What Are Cage-Free Eggs?

What Cage-Free Means and Doesn't Mean

Cage-Free Eggs
Basket of Eggs. Török-Bognár Renáta/Getty Images

More and more eggs at markets are labeled as "cage-free"—it certainly sounds good, but what does it actually mean?

"Cage-free" marked on a carton of eggs means that the hens laying those eggs are, quite simply, not kept in cages.

The Basics of "Cage-Free" Eggs

In theory, the hens that lay eggs labeled "cage-free" are free to walk around the hen house, to perch on roosts, and to lay eggs in nests. 

This is in great contrast to most laying hens, which are kept in cages so small that they can't fully open their wings, much less walk or move about.

"Cage-free" eggs are also fairly widely available at mainstream grocery stores, unlike the less common pastured eggs, which has no legal definition or third-party verification but is usually used by small farmers who raise their chickens on natural pasture.

In short, "cage-free" eggs are a solidly better choice than most commercial/industrial eggs.

The Best Case Scenario

Perhaps the eggs labeled "cage-free" also have "free-range" on them and come from hens that were allowed outside more or less at will, at least during the day. They may even have had green pasture to explore, allowing them to exhibit the natural behavior of hunting-and-pecking for seeds and insects that grow in the grass.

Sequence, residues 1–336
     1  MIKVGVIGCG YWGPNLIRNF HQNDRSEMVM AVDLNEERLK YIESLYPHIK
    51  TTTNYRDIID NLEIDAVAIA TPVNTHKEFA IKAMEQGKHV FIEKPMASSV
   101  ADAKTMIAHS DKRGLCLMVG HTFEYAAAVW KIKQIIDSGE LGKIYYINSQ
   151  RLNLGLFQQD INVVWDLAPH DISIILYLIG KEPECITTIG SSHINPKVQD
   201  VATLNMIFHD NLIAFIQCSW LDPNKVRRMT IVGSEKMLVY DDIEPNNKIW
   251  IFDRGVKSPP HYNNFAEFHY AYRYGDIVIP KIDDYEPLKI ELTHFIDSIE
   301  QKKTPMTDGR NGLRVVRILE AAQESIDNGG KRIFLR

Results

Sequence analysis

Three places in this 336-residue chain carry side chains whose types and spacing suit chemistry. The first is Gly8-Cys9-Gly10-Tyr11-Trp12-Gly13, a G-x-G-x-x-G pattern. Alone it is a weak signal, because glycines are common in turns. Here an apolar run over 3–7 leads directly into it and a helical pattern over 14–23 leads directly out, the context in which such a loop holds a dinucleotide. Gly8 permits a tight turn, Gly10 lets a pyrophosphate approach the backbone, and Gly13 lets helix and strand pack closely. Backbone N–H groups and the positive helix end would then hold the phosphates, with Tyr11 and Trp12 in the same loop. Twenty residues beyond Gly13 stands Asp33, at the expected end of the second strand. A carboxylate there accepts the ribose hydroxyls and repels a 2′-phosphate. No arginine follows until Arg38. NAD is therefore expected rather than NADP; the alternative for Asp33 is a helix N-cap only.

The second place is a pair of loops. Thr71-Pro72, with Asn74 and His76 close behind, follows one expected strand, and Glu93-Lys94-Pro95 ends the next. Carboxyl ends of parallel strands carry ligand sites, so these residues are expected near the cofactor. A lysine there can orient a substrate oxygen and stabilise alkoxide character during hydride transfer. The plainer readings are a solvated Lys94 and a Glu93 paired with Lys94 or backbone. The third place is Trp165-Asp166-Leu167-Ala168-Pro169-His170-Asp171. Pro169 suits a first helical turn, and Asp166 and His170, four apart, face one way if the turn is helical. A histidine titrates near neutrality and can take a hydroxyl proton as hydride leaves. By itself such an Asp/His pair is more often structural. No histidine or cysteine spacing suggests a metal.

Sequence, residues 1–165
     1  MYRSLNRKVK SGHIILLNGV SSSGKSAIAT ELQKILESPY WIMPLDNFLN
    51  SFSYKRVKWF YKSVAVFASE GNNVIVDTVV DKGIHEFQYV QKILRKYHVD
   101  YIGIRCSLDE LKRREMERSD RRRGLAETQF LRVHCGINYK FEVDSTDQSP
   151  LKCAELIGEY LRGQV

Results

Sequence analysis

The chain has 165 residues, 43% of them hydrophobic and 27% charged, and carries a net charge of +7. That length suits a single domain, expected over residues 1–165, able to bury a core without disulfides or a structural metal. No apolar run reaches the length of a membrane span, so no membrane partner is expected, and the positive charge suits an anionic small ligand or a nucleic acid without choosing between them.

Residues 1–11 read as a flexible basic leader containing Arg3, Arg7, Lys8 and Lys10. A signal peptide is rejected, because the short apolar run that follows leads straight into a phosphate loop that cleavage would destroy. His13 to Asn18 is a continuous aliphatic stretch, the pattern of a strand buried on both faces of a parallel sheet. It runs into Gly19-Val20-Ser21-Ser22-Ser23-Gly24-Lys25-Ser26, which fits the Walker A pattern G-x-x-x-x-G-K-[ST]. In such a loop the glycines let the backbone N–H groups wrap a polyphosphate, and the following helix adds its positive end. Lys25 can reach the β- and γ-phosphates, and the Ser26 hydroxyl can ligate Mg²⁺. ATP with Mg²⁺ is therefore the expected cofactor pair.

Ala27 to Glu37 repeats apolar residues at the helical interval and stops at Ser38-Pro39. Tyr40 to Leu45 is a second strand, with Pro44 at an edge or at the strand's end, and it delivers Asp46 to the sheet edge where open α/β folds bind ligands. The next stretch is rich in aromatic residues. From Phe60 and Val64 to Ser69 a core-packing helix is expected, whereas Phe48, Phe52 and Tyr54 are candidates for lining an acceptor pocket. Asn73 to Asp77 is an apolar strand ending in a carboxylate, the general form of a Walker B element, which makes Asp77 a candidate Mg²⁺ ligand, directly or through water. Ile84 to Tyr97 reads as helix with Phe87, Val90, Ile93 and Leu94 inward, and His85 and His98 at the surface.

The Reality of "Cage-Free" Eggs

That said, "cage-free" chickens are kept in hen houses, often in cramped conditions, and may or may not have access to the outdoors or pasture. Without other or further labels explaining how the hens who laid the eggs were raised, "cage-free" is better than nothing, but not the gold standard.

Why Egg Labels Matter

For those looking for the best quality eggs from hens allowed to exhibit natural behaviors, pastured eggs from hens raised by small farmers who may even invite you to visit their farm, so proud are they of how they treat their animals, will prove to be a revelation. Since the hens were allowed to get some of their diet from greens and plants and insects, their yolks aren't just yellow, but verge towards a bright, sunny, almost orange color.

The whites are full-on bouncy. They have an intense eggy flavor and color that makes any egg dish, even a humble soft-boiled or hard-boiled egg, shine.

At the very least, getting "cage-free" eggs means you've avoided supporting the worst of the egg industry's all too common practices.